**Step 3:** The network determines which parts of the current state are output.

**20. What Is the Difference Between Vanishing and Exploding Gradients?**

When training an RNN, the slope can become too small or too large, making training difficult. A "Vanishing Gradient" problem occurs when the slope is too small. An "Exploding Gradient" occurs when the slope grows exponentially rather than decaying. Gradient issues result in lengthy training times, poor performance, and poor accuracy.

**21. What Is the Difference Between Deep Learning Epoch, Batch, and Iteration?**

**Epoch:** One iteration over the entire dataset (everything put into the training model).

**Batches**: When we cannot pass the entire dataset into the neural network at once, we divide it into several batches.

**Iteration:** For example, if we have 10,000 images as data and a batch size of 200, an epoch should run 50 iterations (10,000 divided by 50).

**22. Describe a Computational Graph.**

Tensorflow is built around the creation of a computational graph. It consists of a network of nodes, each representing a mathematical operation and the edges representing tensors. Because data flows in the form of a graph, it is also referred to as a "DataFlow Graph."

**23. Describe the Generative Adversarial Network.**

Assume there is a wine shop that buys wine from dealers and resells it later. However, some dealers sell phoney wine. In this case, the shopkeeper should be able to tell the difference between fake and authentic wine.

The forger will try various techniques to sell fake wine and ensure that specific techniques pass the shop owner's inspection. Wine experts will likely inform the shop owner that some of the wine is not original. The owner would need to improve his ability to tell whether a wine is fake or authentic.

The forger's goal is to create indistinguishable wines from the authentic ones, whereas the shop owner's goal is to accurately determine whether the wine is real or not.

Let's break down this example

- A noise vector is entering the forger who is creating fake wine.
- In this case, the forger serves as a Generator.
- The shopkeeper is a Discriminator.
- The Discriminator is given two inputs: one of fake wine and one of real authentic wine. The shopkeeper must determine whether it is genuine or counterfeit.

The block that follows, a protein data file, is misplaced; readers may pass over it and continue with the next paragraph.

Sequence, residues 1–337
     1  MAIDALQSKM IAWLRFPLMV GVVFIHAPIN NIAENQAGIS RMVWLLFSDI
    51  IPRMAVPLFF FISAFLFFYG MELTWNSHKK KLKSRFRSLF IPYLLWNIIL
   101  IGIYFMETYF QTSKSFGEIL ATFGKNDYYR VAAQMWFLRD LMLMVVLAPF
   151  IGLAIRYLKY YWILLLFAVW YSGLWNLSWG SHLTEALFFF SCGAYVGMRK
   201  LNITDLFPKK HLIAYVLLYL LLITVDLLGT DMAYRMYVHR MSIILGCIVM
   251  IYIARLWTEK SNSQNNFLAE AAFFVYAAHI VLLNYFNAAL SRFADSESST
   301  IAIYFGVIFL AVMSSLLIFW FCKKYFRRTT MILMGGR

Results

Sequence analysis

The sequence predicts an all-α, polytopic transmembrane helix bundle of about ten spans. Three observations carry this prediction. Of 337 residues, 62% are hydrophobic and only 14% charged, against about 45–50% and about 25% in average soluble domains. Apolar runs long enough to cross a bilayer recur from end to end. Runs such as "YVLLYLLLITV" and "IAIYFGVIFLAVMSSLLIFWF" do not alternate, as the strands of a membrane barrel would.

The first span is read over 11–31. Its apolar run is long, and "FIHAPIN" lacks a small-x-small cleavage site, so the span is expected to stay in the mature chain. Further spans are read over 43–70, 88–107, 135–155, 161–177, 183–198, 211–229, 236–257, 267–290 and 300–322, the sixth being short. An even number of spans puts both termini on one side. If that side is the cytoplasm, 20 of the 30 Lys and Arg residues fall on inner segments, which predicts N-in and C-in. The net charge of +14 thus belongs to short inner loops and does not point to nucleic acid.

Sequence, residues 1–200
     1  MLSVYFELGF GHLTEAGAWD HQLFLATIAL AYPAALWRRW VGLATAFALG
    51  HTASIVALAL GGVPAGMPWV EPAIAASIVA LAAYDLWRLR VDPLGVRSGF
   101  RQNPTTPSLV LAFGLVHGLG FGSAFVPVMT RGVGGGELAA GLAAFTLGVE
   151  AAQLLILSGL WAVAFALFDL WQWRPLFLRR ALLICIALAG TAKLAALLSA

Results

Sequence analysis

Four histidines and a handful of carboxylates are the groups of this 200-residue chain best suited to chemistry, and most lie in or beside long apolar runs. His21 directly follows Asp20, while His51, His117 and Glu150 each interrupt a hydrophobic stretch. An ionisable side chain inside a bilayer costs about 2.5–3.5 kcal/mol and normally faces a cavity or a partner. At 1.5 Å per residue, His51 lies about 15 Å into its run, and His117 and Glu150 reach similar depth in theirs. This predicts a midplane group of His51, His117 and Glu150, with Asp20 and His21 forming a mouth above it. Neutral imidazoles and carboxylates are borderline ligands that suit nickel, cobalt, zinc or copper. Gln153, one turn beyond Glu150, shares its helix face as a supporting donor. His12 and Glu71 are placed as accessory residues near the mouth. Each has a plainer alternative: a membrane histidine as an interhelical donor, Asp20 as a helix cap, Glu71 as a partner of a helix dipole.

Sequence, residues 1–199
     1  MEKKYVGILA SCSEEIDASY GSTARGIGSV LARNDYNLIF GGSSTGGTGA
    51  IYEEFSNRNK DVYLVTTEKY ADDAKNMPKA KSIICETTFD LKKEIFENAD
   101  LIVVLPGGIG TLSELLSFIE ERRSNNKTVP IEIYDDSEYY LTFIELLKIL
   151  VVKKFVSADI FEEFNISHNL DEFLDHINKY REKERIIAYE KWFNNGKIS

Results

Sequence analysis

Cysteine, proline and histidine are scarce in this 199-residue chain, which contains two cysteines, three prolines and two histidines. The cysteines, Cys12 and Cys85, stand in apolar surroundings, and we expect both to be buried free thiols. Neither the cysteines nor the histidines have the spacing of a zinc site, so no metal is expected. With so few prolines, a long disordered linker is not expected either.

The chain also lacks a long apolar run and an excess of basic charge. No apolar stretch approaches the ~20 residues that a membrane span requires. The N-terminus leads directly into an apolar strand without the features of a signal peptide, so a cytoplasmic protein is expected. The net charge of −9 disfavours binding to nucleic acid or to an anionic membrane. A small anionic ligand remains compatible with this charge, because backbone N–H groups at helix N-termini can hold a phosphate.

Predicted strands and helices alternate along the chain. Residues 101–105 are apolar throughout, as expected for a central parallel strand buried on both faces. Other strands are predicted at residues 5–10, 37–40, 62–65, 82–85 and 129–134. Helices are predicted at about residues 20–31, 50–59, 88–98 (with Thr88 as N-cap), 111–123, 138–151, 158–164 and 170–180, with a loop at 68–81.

- As a result, the two primary components of the Generative Adversarial Network (GAN) are named:

Generator\sDiscriminator

The generator is a CNN that continuously generates images that resemble real images, whereas the discriminator attempts to distinguish between fake and real images. The ultimate goal is for the discriminator to learn to distinguish between real and fake images.

**24. What is an Auto-encoder?**

This Neural Network has three layers, with input neurons equaling output neurons. The network's external target is the same as its input. It restructures the input using dimensionality reduction. It operates by compressing the image input to a latent space representation and then reconstructing the output from it.

**25. What Is the Difference Between Bagging and Boosting?**

Bagging and boosting are ensemble techniques for training multiple models with the same learning algorithm before making a decision.

We use Bagging to divide a dataset into training and test data. Then we randomly choose data to place in the bags and train the model separately.

**26. What role does the Fourier transform play in Deep Learning tasks?**

The Fourier transform function analyses maintain and manage large datasets efficiently. It can generate real-time array data, which is useful for processing multiple signals.

**27. What exactly do you mean by transfer learning? Name a few popular transfer learning models.**

Transfer learning is transferring knowledge from one model to another without training it from the ground up. It uses critical parts of a previously trained model to solve new but similar machine learning problems.

Popular transfer learning models include:

- BERT
- VGG-16
- Inception V3
- XCeption
- GTP-3

**28. What is Deep Learning Data Augmentation?**

Data Augmentation is creating new data by increasing the size and quality of training datasets to build better models with them. Data augmentation techniques include numerical data augmentation, image augmentation, GAN-based augmentation, and text augmentation.

**29. Describe Adam's optimization algorithm.**

Adaptive Moment Estimation, also known as Adam optimization, is a stochastic gradient descent extension. This algorithm comes in handy when dealing with complex problems involving large amounts of data or parameters. It requires less memory and is more efficient.

The Adam optimization algorithm is a hybrid of two gradient descent methods -

Root Mean Square Propagation and Momentum

**30. What are some of the Deep Learning applications of Autoencoders?**

- Autoencoders convert black-and-white images into color images.
- Autoencoder aids in the extraction of features and hidden patterns in data.
- It is also used to reduce data dimensionality.
- It is also useful for removing noise from images.